This is our journal of what we pray is our sojourn of life (Hebrews 11:8-10) along the narrow way (Matthew 7:14), even the old paths (Jeremiah 6:16), submitting to the Bible as a light unto both (Psalms 119:105). It is our prayer that these documented moments in our earthly time benefit whom God might choose to edify, but ultimately that God glorifies Himself through them.

Apple Cider Vinegar

Once again in an attempt to learn how to store food without canning or freezing so as to further separate from our dependence on the world, I thought it would be interesting to try to make apple cider vinegar, for the preserving method, for the health benefits, and since we have several apple trees in our orchard.

The recipes on the Internet basically said squeeze the apples for the juice, add a little already-made apple cider vinegar that has “the mother” in it, and let it sit for 3 to 4 weeks. Some said to add yeast, but I was trying to use as few outside ingredients letting creation and the yeast that is naturally in the air handle it. It apparently ferments and then turns to vinegar.

And so we purchased some apples and used our lard press on them. One apple cut in half with the halves face down seemed to press the best:

Here I am pressing:

And here are the results:

This is what was left after pressing:

(On a side note, sadly, the cast iron plate of the lard press cracked in half, I guess from tightening too hard; so, using it wasn’t a great idea. I suppose we might have to try a cider press for future attempts.)

After we were done pressing, Sue poured the juice through a piece of paper towel (as a filter) into the non-metallic containers (because of the acid produced) where they would ferment, and so we used canning jars. The first time, it took about 6 pounds of apples to make two 2/3 pint jars full; the second time we got 5 pints from 9 pounds:

Sue then added a couple of table spoons of already-made apple cider vinegar to act as a “starter”. From there they sat for several weeks. Each day I would tighten the caps, shake the jars and loosen the caps again to allow for any pressure out and some more air (with yeast hopefully) in.

After 6 weeks, the alcohol didn’t seem to be dissipating very quickly, and Sue did a little more research, and she discovered we probably should have just covered the jars with cheese cloth or a towel. I had figured it didn’t really matter much as long as some air was getting in there, but apparently it needs constant air availability.

And indeed it did what it was supposed to do: the apple juice is now vinegar!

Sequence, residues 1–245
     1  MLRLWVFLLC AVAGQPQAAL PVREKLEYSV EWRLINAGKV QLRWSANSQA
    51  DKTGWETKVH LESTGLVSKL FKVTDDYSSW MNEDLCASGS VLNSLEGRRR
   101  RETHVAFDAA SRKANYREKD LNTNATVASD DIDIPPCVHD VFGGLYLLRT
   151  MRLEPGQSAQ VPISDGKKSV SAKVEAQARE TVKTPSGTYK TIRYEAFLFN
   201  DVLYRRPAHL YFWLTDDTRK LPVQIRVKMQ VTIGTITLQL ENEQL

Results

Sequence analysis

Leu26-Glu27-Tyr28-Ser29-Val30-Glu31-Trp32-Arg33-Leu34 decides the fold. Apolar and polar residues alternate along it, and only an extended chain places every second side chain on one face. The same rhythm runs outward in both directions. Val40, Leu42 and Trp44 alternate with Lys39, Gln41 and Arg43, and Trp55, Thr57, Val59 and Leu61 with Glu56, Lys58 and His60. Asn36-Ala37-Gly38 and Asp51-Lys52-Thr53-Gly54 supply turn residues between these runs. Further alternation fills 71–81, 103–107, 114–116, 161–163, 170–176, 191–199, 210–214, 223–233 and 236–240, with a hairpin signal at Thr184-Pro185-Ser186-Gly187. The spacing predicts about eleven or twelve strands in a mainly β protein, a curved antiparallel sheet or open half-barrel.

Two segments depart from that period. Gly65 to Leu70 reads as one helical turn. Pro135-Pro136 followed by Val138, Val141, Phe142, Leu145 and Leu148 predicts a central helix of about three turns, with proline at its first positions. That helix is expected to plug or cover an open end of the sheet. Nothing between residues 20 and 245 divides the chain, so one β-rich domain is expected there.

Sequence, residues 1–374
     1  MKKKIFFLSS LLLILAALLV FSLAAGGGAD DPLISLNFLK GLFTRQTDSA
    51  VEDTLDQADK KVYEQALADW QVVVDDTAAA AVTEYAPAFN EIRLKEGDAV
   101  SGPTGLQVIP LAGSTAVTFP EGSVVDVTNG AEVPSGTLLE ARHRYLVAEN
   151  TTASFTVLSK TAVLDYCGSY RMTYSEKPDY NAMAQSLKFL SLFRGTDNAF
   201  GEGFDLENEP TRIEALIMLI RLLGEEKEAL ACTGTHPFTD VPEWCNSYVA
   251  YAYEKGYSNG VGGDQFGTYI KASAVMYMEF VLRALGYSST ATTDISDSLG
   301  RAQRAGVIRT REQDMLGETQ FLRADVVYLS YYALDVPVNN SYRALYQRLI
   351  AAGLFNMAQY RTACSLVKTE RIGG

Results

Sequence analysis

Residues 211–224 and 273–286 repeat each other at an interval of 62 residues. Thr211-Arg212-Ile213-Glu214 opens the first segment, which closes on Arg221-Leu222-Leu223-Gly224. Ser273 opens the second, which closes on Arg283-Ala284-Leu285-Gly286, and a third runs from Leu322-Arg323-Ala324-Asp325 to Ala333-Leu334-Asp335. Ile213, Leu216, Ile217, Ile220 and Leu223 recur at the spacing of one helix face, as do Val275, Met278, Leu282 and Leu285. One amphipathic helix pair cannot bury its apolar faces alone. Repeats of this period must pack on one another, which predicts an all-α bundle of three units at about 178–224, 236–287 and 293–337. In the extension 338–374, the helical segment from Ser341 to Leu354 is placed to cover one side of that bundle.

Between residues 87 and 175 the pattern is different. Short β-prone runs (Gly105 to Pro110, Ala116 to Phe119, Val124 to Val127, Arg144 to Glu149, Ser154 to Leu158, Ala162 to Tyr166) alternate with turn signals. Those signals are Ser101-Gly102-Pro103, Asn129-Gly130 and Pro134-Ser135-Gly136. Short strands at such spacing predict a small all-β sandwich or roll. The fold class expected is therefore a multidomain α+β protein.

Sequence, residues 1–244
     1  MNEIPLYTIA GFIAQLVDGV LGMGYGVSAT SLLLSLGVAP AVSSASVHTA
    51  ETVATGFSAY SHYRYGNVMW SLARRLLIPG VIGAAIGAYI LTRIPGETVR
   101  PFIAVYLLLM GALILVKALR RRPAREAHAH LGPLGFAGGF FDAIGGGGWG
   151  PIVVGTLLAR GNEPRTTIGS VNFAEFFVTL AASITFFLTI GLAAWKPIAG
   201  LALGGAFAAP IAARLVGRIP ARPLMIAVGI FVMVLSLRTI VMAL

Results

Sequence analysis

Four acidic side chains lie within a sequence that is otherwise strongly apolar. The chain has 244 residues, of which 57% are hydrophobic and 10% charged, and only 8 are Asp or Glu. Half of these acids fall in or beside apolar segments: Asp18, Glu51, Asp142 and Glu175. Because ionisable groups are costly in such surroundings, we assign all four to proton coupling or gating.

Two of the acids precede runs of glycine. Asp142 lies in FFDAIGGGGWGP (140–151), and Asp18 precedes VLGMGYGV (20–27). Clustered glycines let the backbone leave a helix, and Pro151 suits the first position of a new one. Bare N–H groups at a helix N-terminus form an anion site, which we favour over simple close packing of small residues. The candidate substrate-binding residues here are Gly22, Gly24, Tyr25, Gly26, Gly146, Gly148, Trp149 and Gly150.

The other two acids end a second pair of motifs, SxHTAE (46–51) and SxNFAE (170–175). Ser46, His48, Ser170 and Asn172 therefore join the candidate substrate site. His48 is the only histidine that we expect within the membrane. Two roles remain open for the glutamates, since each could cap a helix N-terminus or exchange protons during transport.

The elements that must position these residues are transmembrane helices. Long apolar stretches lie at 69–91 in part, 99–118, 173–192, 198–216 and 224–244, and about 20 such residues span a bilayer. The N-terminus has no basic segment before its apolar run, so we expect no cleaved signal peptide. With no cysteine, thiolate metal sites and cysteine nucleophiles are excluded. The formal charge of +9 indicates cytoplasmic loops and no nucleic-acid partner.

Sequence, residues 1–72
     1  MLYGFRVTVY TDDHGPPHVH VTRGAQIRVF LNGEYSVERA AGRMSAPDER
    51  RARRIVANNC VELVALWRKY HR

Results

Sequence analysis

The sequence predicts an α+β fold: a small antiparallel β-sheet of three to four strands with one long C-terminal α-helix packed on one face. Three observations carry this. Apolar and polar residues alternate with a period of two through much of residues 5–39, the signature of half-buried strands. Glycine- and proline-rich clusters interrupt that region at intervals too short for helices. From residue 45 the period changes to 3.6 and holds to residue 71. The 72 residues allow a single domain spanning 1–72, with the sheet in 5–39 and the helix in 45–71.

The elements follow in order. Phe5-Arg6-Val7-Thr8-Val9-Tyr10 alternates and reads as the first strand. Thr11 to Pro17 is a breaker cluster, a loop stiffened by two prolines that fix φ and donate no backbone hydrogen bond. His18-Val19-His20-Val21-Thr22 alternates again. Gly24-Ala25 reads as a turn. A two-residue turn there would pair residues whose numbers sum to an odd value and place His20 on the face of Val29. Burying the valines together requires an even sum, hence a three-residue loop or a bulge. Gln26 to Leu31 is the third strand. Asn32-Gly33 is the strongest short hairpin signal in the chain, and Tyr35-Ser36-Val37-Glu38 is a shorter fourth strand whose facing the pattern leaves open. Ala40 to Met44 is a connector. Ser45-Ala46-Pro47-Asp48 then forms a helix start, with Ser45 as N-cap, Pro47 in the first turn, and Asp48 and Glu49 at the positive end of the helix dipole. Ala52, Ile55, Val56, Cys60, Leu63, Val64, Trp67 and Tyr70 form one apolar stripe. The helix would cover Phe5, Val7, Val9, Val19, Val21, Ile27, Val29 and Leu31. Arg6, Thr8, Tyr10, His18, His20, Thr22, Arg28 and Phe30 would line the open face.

We marvel at the Lord’s workings in His creation and how He has included these things to help us in the temporal matters of sustenance, and we thank Him for these provisions.

— David


  1. Anonymous

    David and Susan,

    Good first try at Apple cidar vinegar. I’ve not personnally done this yet, but I bet Karen has.
    As you probably know, I gave the community that manual tomato separator last fall. I wondered if it could help in making either Apple juice or vinegar. It appears it could at least make applesauce. It says on the site

    that the apples should be peeled/cored/cooked, so probably not for raw vinegar. The above site with (com/fruit_press.aspx) at end, and the site listed below both have neat cidar presses. Perhaps you’ve seen them. They emphasize fruit has to be totally bug and blemish free to be safe which is a challenge in a home orchard, without chemicals!

    Did you use Braggs raw cidar vinegar with the “mother” in it to start your vinegar? I have that in my cupbd. Thanks for sharing!


  2. David and Susan Sifford

    Hi Beth,

    Thank you for the links and info. Some people pasteurize their vinegar; we wanted to keep it as pure/raw as possible.

    I think long-term we’ll have to have a cider press or something similar because the cast iron plate at the bottom of the lard press broke because I twisted it too hard (I’ll probably add that info to the original post).

    And yes, Braggs with the mother was what we put in it.

    Thanks again,

    — David

  3. Anonymous

    I use wild plums and/or the peelings and pits from canning peaches to make wine vinegar. They say the agerita berries make good wine, I’d bet the vinegar would be good as well. David suggested that if you replace the plate on the lard press that you might try using a circular piece of wood underneath it (the wood pressing directly on the fruit) to disperse the pressure. He thought that might be the reason it broke.

  4. David and Susan Sifford

    Hi Judy,

    Thanks for the other-fruit and press suggestions. I think I’m going to try to have the plate welded back together, and then maybe we’ll try using the wood piece.

    Thanks again,

    — David

  5. Anonymous

    Very cool, Will have to get one of Herrick Kimball’s whiz bang apple thing a ma jigs… you know? Now for some apple cider, apple wine, apple sauce… etc.

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